Posted on April 17th, by Lyndsi Mason in Uncategorized. No Comments


57 Then those who had seized Jesus led him to Caiaphas the high priest, where the scribes and the elders had gathered. 58 And Peter was following him at a distance, as far as the courtyard of the high priest, and going inside he sat with the guards to see the end. 59 Now the chief priests and the whole council were seeking false testimony against Jesus that they might put him to death, 60 but they found none, though many false witnesses came forward. At last two came forward 61 and said, “This man said, ‘I am able to destroy the temple of God, and to rebuild it in three days.’” 62 And the high priest stood up and said, “Have you no answer to make? What is it that these men testify against you?” 63 But Jesus remained silent. And the high priest said to him, “I adjure you by the living God, tell us if you are the Christ, the Son of God.” 64 Jesus said to him, “You have said so. But I tell you, from now on you will see the Son of Man seated at the right hand of Power and coming on the clouds of heaven.” – Matthew 26

Last Sunday, in Life Kids, we were learning about Jesus’ triumphal entry, betrayal, condemnation, death and resurrection. It’s a lot for anyone to take in, especially a 5 year old. Even with visions of chocolate bunnies dancing in their heads, they got it…. The real reason we celebrate Easter.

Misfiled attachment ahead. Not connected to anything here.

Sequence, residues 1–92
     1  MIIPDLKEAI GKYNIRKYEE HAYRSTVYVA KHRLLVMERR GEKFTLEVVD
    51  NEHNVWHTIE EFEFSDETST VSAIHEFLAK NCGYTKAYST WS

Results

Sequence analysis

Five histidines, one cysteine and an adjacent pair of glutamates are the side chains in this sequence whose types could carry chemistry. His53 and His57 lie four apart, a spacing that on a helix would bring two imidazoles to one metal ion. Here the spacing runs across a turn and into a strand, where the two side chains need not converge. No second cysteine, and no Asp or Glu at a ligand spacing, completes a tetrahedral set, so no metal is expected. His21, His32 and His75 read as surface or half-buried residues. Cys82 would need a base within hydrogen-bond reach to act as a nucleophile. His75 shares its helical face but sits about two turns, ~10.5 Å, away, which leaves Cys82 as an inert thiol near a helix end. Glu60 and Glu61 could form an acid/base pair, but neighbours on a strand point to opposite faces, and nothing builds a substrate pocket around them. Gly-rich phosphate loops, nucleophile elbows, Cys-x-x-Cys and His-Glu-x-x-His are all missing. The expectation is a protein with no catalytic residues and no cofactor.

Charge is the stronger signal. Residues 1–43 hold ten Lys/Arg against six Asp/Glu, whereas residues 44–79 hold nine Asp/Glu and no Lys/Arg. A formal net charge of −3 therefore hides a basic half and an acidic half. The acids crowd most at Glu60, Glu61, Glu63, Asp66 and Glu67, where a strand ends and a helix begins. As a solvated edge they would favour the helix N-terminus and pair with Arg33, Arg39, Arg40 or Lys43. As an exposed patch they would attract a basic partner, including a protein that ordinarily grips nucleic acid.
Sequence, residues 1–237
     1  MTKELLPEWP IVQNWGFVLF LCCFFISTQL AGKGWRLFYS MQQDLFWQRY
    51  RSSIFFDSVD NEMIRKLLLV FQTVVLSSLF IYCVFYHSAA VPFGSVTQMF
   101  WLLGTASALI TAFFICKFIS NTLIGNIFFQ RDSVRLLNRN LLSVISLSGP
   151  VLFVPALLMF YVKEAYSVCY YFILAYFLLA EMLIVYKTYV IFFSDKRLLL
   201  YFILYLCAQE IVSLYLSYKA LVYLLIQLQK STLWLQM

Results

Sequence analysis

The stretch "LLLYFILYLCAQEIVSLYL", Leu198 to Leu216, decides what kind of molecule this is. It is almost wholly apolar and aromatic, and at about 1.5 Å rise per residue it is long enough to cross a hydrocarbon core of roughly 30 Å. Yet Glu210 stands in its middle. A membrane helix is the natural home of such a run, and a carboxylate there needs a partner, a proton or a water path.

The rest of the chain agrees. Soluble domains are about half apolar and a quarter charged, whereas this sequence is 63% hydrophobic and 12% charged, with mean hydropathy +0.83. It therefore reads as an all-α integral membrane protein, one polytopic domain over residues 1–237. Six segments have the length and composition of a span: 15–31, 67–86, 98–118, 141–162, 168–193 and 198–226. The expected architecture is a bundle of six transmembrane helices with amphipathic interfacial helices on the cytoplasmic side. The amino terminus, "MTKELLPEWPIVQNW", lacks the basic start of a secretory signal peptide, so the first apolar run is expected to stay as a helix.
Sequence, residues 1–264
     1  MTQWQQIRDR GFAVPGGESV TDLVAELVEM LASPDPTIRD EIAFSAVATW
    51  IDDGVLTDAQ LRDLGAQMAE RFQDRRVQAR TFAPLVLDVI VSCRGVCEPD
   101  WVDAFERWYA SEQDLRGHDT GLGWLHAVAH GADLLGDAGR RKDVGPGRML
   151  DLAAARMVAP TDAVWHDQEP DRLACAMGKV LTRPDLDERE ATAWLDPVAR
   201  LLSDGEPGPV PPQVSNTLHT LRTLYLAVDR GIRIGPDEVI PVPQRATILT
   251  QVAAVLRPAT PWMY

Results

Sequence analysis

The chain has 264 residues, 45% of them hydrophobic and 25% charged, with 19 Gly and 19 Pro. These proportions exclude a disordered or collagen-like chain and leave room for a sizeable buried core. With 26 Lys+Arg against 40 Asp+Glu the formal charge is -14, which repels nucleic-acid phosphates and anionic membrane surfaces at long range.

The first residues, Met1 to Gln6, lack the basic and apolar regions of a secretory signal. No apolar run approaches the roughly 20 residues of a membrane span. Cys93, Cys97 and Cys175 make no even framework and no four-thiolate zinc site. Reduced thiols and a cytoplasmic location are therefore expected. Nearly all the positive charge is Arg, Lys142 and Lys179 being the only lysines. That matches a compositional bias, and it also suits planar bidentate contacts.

There’s a certain beauty about teaching the story of Easter to children. I know that they have heard the good news of the Gospel on a weekly basis, because we teach it to them. Every week our lesson comes back to Jesus’ death, burial and resurrection. For most of us, we treat it as if it is old news… but for many kids, it’s still as enthralling as the first time they heard it.

“Why would they do that?!” “Why does Jesus let them do that?!” “That’s not fair.” All of these were snippets of conversation that could be heard in the Greenhouse on Sunday. The best thing is, I get to tell them that they’re wrong, it is fair. Here comes the good part… When Jesus died on the cross, it was fair because he was punished for every sin we could ever commit.

I’ve always loved Matthew 26:64, when, after Caiaphas asked him if he was the Son of God, Jesus says “You have said so.” The King James Version translates it as “Thou hast said”, and although it is rather harder to understand, it’s quite poetic.

“Thou hast said.” It’s just what Caiaphas was waiting for. He could put Jesus to death now, send him on to Pilate the next morning and to the Cross before the sun went down again. It’s a good thing that it was just what I was waiting for too. Someone to come along, live every moment in righteousness and sacrifice himself for me. It couldn’t have been anyone else, and it couldn’t have been a more beautiful picture of love.

This week when you’re with your littlest family members, talk to them about the story of Easter. Enjoy the gleam in their eyes when they hear about what Jesus did for them. Let some of their enthusiasm rub off on you and remember what it was like the first time you heard what Jesus did for you on that Good Friday two thousand years ago.


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